Nearly 60 Percent of Children with Epilepsy Do Not Take Their Antiepileptic Medications As Prescribed, Says JAMA Study
Tuesday, April 26, 2011
Nearly three of every five children with newly diagnosed epilepsy are do not take their antiepileptic medications as prescribed over the first six months of therapy, according to a new study published in the April 27 issue of JAMA, the Journal of the American Medical Association.
This high rate of non-adherence was surprising and concerning, says Avani C. Modi, PhD, co-director of the New Onset Seizure Program at Cincinnati Children’s Hospital Medical Center and lead author of the study.
“Non-adherence in children with epilepsy can interfere with reaching treatment goals and eliminating seizures,” says Dr. Modi. “This study suggests the need to work with families of children with epilepsy to identify and remove barriers to taking medications early in the course of therapy.”
The researchers studied 124 children and their caregivers seen at the New Onset Seizure Clinic at Cincinnati Children’s. These children were newly diagnosed with epilepsy and just starting medication. Caregivers were given a cap and bottle that electronically monitored adherence to the prescribed drug. Families were asked to remove the medication from the bottle only at the time of dosing. The data collected from the caps was not shared with families or healthcare providers during the course of the study.
During each child’s clinic visits, researchers examined a variety of factors that could affect adherence, including each child’s family characteristics, seizure frequency, and medication side effects. Medications were changed by the child’s healthcare provider if seizure control was inadequate.
The researchers identified different adherence patterns. Thirteen percent exhibited severe early non-adherence, seven percent severe delayed non-adherence, 13 percent moderate non-adherence and 26 percent mild non-adherence. Only 42 percent demonstrated near-perfect adherence. Most patients established their pattern of adherence in the first month of drug therapy. The Cincinnati Children’s researchers found that the lower the socioeconomic status of the family, the more likely children and their families are to miss doses of their medication.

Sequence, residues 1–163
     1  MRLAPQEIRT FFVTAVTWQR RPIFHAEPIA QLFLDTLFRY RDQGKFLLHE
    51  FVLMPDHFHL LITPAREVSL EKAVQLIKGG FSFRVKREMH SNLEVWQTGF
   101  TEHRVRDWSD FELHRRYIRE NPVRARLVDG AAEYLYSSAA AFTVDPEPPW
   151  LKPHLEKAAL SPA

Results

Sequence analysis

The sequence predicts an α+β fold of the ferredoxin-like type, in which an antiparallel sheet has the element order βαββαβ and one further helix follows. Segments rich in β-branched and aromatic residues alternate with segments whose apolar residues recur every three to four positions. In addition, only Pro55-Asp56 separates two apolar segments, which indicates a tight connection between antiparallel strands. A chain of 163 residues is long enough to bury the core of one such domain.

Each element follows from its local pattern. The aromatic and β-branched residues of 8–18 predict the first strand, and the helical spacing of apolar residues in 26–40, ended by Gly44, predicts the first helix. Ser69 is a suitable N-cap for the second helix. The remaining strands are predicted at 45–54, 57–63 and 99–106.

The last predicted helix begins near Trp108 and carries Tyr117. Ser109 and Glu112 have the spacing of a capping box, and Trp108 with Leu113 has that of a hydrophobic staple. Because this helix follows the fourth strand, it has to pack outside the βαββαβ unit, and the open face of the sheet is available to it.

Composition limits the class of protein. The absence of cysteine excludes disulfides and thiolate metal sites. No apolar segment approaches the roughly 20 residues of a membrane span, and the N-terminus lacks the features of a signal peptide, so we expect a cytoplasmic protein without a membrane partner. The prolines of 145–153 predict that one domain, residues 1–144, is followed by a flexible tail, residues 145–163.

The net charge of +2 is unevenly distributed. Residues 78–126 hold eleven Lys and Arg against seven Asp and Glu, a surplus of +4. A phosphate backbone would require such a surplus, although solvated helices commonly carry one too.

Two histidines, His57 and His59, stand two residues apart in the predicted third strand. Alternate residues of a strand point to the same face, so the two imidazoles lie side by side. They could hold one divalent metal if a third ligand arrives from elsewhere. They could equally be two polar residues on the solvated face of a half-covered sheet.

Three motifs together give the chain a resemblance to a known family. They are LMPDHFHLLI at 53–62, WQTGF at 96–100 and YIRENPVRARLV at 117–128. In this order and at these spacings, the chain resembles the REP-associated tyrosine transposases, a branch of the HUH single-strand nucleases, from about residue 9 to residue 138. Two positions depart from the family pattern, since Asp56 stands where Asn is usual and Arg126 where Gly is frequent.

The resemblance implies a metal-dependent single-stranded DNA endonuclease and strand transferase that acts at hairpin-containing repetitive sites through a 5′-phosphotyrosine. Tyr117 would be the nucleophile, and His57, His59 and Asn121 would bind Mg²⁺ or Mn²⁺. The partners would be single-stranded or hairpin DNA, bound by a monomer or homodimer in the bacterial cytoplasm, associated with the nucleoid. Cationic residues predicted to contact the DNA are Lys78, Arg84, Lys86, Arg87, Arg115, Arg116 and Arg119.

Epilepsy affects 325,000 children in the United States under 15. Among adults with epilepsy, non-adherence to drug treatment regimens has been associated with continued seizures, higher mortality and higher healthcare costs. It is unclear, says Dr. Modi, whether the consequences of non-adherence in children are similar to those in adults.
Dr. Modi is also a faculty member of the Center for Adherence Promotion and Self-Management at Cincinnati Children’s. The Center addresses the high prevalence of problems surrounding adherence to medical treatment and the impact on clinical care and research.
Co-authors of the study are Tracy A. Glauser, MD, director of the Comprehensive Epilepsy Center at Cincinnati Children’s, and Joseph R. Rausch, PhD, a quantitative psychologist at Cincinnati Children’s.
Dr. Modi has been a consultant for Novartis Pharmaceuticals Inc., which has an interest in antiepileptic drugs. Dr. Glauser has been an advisor to, speaker for and received grants from companies with interests in antiepileptic drugs.
The research was funded by a grant from the National Institutes of Health.